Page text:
Comparing .223 Remington and 5.56x45mm NATO
The differences between .223 Remington and 5.56x45 NATO have been hammered out and rehashed a million times over. This is a subject regularly bandied about between shooting buddies and complete strangers at gun ranges and on internet forums. Despite the constant chatter, plenty of shooters are still uncertain about the differences between these two popular cartridges.
Many assume they are basically the same and completely interchangeable. Those people are dangerously misinformed.
A Quick History Lesson
The 5.56x45mm cartridge was first introduced in the years following the Korean War. These experimental “small caliber, high-velocity” rounds were developed to be lightweight yet still deliver enough power to be lethal at 500 yards on the modern battlefield.
The round was standardized by NATO in 1963 and officially brought into service by the United States military.
Around this same time, Remington introduced a .223 caliber “civilian” version. This cartridge was standardized by the Sporting Arms and Ammunition Manufacturers’ Institute (SSAMI) in the spring of 1962.
Although, these two cartridges were basically developed concurrently, they are not the same. The 5.56 NATO was engineered for use in war, while the .223 Remington is designed for civilian use. Today, these two cartridges are the most popular centerfire rounds on the planet.
There are some similarities between 5.56 NATO and .223 Remington cartridges. However, those similarities are mostly skin deep. The external dimensions of the cases are nearly identical, and it’s difficult to tell them apart upon first glance.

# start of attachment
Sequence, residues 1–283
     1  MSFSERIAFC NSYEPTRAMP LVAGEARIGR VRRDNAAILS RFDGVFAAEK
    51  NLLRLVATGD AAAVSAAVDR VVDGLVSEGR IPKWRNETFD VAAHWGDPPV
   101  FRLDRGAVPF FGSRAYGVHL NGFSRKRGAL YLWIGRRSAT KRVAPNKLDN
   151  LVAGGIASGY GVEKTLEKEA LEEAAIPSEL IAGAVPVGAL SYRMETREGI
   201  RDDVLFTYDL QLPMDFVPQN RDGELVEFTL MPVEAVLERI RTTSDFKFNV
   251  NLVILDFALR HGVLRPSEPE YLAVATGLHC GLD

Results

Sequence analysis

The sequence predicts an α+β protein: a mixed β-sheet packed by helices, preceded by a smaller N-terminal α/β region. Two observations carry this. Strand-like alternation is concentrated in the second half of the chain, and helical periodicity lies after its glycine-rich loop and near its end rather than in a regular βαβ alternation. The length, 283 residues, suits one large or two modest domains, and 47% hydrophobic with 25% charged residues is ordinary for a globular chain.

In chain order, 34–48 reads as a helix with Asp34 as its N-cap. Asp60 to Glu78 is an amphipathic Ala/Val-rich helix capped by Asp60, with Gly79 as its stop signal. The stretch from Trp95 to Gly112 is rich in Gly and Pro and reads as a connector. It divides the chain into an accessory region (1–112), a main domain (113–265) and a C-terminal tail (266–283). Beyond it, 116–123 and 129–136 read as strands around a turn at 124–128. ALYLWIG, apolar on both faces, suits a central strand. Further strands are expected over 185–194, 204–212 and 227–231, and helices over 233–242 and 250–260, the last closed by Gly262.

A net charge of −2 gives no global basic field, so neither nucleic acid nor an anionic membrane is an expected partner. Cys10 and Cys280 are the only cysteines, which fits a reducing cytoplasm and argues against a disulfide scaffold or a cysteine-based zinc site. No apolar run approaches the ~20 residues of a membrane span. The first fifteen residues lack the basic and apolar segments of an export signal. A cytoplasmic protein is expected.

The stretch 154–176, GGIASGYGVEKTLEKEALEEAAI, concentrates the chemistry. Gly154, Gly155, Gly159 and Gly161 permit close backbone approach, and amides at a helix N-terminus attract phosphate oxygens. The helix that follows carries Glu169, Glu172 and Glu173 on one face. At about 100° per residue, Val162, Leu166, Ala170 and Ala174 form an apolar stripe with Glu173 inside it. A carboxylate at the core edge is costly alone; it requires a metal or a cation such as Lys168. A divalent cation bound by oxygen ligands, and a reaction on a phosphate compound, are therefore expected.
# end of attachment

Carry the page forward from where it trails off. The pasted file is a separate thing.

Here are a few of the most notable qualities shared by .223 and 5.56 cartridges:
● Overall cartridge length
● External case dimensions (although the shoulder profile and neck length differ slightly).
● Case capacity.
● Both shoot 40-90 grain projectiles.
● Both use projectiles that measure .223 inches in diameter with an overall length of 2.26 inches.
Appearances can be deceiving. If you look closely, however, you’ll notice a few key differences. For example, although the overall case dimensions are the same, the shoulder profile and neck length are different. 5.56 cartridge cases tend to be thicker in this area to accommodate higher chamber pressures.
Pressure and Velocity
What happens after you pull the trigger on these two cartridges is where the real difference becomes apparent.
Pressure is the primary difference. Compared to the 5.56 NATO, .223 Remington cartridges are loaded to lower pressures and produce slower velocities.
The exact differences are difficult to quantify because pressure is measured differently for each cartridge.
.223 Remington cartridges are standardized by SAAMI (Sporting Arms and Ammunition Manufacturers' Institute). SAAMI measures pressure in pounds per square inch (psi) and is measured at mid-case.
The pressure produced by a 5.56 cartridge is measured at the mouth of the case. These loads are also held to military specs rather than SAAMI specifications.